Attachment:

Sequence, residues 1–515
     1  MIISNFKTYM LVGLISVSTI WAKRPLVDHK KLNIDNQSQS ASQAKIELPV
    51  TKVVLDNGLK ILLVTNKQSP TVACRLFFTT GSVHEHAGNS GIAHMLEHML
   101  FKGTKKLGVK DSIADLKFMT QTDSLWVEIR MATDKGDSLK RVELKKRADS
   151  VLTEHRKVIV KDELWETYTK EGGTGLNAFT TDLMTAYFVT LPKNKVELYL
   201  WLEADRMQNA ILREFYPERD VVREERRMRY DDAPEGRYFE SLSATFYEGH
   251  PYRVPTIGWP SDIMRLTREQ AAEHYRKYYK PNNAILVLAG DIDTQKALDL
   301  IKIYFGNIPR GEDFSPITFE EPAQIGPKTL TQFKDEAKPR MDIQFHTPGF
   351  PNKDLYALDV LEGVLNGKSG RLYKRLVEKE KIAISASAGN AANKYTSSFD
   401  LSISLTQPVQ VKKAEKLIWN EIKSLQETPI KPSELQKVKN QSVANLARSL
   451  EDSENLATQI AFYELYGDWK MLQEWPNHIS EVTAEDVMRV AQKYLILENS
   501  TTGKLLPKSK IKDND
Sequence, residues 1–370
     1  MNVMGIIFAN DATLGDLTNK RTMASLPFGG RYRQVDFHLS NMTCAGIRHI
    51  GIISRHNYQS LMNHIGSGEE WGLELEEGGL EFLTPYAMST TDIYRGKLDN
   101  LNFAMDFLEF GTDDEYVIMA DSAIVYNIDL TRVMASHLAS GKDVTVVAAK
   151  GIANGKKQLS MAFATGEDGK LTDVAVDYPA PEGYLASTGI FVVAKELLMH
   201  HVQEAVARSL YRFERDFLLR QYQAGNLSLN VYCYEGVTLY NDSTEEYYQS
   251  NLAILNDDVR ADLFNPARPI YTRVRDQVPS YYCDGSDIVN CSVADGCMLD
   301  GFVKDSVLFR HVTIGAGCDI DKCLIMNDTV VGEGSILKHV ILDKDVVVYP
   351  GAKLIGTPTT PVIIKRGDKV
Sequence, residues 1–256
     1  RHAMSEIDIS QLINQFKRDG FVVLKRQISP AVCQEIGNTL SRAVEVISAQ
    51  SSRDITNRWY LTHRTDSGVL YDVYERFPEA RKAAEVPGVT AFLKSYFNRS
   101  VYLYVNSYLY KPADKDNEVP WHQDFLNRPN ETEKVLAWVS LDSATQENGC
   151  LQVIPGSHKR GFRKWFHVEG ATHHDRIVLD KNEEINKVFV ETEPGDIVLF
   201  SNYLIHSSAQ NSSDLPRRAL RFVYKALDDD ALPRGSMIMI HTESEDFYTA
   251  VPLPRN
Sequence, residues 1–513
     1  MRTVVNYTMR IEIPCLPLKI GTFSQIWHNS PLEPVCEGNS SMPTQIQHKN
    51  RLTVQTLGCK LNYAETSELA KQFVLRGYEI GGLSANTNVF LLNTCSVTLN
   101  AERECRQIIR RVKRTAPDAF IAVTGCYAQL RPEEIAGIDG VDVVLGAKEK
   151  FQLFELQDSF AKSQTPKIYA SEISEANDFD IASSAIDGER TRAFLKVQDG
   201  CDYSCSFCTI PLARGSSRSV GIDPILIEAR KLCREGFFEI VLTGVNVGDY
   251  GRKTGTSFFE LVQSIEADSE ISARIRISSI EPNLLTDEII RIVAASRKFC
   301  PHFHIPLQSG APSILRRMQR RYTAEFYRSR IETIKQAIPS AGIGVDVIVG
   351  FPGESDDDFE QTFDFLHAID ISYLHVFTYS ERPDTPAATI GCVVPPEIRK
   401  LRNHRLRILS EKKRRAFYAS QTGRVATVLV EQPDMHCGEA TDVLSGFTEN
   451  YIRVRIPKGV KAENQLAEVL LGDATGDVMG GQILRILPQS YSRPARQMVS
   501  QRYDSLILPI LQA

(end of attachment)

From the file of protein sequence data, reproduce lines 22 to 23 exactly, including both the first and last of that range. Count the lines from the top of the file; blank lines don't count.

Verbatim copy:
Sequence, residues 1–256
     1  RHAMSEIDIS QLINQFKRDG FVVLKRQISP AVCQEIGNTL SRAVEVISAQ